Highlights of Rahul Gandhi’s libel trial move away from democracy under Narendra Modi

Highlights of Rahul Gandhi’s libel trial move away from democracy under Narendra Modi

Highlights of Rahul Gandhi’s libel trial move away from democracy under Narendra Modi

Rahul Gandhi, India’s top opposition leader and main opponent of the country’s prime minister, Narendra Modi, was recently disqualified as a member of parliament. This came after Gandhi was found guilty of defamation over a comment he made about Modi’s surname during a rally in 2019.

Modi’s ruling Bharatiya Janata Party had also waged a furious campaign demanding “Rahul Gandhi maafi mango(Rahul Gandhi, apologies) after comments Gandhi made during his recent visit to the UK. The scion of India’s most prominent political dynasty has made several remarks claiming that India’s democratic institutions have been deliberately undermined by the current government.

This, BJP members claimed, amounted to “slandering” India itself. Their reasoning was that criticizing the state of India’s postcolonial democracy in the halls of the former colonizing country has crossed the line. But this hypersensitivity is tantamount to evading scrutiny if it means that democratically elected leaders cannot express their opinions freely in any forum.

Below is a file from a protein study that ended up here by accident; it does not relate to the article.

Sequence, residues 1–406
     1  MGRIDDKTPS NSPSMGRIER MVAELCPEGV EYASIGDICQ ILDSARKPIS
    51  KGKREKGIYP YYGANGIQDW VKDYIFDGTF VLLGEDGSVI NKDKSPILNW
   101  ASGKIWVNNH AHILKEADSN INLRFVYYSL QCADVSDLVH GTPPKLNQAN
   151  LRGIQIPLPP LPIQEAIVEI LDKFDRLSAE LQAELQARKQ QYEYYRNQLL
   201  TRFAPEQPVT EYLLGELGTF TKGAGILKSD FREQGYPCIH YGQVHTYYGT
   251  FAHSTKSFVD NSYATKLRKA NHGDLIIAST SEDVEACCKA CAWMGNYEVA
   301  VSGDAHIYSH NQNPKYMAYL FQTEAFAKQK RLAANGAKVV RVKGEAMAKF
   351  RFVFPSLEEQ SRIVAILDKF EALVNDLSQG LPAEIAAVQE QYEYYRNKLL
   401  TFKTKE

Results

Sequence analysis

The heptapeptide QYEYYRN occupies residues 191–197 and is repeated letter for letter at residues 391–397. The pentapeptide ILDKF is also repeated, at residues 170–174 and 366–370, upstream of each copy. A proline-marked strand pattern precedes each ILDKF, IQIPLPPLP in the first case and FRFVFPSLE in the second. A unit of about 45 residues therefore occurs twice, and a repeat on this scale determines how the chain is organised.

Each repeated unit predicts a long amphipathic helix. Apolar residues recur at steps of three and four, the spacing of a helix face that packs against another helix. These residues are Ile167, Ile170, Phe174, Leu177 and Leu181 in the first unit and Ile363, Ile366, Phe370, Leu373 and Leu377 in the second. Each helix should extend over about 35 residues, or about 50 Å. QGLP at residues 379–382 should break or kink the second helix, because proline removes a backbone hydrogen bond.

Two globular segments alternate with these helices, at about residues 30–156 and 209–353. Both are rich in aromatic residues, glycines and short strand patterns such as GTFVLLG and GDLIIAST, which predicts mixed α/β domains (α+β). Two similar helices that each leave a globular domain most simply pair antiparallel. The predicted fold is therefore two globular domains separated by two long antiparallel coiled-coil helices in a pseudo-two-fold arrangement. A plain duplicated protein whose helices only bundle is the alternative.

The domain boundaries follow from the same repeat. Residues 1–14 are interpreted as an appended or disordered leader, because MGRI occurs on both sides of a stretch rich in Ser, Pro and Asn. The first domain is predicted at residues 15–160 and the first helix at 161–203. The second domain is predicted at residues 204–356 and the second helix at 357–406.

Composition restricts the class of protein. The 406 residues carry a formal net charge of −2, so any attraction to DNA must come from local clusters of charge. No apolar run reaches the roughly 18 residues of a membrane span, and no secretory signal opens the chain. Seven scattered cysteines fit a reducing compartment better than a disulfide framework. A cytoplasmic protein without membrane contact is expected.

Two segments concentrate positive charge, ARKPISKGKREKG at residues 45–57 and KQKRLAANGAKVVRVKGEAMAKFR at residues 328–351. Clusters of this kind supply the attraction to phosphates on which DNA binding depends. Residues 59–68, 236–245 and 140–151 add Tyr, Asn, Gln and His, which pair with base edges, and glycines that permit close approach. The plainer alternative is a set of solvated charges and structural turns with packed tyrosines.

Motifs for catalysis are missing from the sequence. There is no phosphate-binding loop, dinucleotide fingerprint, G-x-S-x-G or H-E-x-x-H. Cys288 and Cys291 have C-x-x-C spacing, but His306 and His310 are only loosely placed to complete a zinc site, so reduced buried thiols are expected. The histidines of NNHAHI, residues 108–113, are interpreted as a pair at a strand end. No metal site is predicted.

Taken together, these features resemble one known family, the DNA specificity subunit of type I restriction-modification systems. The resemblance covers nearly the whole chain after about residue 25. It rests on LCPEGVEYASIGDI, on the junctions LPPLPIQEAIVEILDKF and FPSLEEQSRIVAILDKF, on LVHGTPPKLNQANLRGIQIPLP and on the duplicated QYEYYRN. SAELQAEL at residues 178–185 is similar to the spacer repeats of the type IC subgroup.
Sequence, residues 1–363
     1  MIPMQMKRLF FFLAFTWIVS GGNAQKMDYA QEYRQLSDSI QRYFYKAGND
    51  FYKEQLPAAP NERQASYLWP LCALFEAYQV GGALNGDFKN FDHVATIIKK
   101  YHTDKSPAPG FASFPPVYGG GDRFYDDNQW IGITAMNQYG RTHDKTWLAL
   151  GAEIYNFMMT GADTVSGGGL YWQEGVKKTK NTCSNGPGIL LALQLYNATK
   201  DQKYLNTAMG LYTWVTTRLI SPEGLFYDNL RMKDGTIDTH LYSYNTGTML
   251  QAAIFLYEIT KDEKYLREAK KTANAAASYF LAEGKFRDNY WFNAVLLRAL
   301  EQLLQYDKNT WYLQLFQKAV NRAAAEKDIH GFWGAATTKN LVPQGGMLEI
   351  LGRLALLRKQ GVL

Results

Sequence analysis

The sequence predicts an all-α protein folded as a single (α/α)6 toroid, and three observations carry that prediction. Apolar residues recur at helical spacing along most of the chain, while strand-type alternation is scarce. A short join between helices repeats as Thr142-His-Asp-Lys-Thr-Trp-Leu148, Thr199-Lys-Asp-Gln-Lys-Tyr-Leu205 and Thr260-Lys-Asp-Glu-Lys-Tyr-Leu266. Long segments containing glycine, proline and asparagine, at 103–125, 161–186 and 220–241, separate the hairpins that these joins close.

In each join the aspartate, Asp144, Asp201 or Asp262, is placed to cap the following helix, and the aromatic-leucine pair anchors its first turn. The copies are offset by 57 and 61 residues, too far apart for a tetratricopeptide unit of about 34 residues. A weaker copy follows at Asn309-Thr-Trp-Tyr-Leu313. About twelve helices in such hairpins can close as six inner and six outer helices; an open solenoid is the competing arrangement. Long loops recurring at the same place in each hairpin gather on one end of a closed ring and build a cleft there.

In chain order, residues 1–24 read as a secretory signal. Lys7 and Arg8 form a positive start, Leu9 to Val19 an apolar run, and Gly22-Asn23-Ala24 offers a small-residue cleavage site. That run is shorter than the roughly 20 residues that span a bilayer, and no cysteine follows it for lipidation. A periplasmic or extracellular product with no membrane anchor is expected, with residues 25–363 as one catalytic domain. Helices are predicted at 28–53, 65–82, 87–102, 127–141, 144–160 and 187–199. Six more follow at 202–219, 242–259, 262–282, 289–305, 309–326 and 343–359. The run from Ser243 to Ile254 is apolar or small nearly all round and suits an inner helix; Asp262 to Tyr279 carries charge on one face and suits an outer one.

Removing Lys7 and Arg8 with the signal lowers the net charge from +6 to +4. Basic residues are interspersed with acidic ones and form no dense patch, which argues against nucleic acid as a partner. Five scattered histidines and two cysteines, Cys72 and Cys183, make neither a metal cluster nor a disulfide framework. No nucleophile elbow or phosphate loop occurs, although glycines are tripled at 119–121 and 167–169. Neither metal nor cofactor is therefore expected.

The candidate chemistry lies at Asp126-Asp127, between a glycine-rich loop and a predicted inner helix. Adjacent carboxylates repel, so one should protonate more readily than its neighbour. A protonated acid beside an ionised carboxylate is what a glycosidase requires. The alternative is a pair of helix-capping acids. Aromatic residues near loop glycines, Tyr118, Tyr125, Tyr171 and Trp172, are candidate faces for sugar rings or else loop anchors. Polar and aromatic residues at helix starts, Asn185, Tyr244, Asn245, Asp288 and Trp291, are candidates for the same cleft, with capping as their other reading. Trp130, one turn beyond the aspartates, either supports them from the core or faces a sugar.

The political brand of Modi and the BJP has thrived on the sustained use of deliberately contradictory speeches and policies as part of what I termed his “postcolonial neoliberal nationalism.” This political project has been divisive for its weapon of colonial history, its inability to act on crony capitalism, and for claiming a monopoly on what it means to be a nationalist.

The space to raise these concerns within India is rapidly shrinking, as evidenced by the decline in civil and political liberties that has led Indians to be classified as “partly free” in the latest Freedom House Index.

Gandhi, along with other opposition leaders and scholars like us and others, inside and outside India, have pointed towards this democratic backslide or worse that is taking place in India. Such criticisms are routinely met with the political label of being “anti-national”, “anti-Indian” and “foreign-financed”.

In various speeches and forums during his visit to the UK in March, Gandhi said – as he regularly does in India – that Modi and the BJP are waging an unprecedented campaign against political opposition, civil society and dissent.

In this, they are doing the bidding of the far right Rashtriya Swayamsevak Sangh (RSS) (National Volunteer Organization). Gandhi described the RSS as a “fundamentalist” and “fascist” movement that “has essentially captured almost every institution in India.”

Gandhi is not alone in criticizing the RSS. Writer and activist Arundhati Roy has said the same of the movement, arguing that the century-old paramilitary movement was backed by much of India’s corporate sector.

Democracy in decline

The RSS is a nucleus of the ‘Sangh Parivar’ umbrella movement of various right-wing organizations and an ideological parent of the BJP. He has been quite open about his desire to transform India into a heavily militaristic nation based on extreme Hindu nationalism.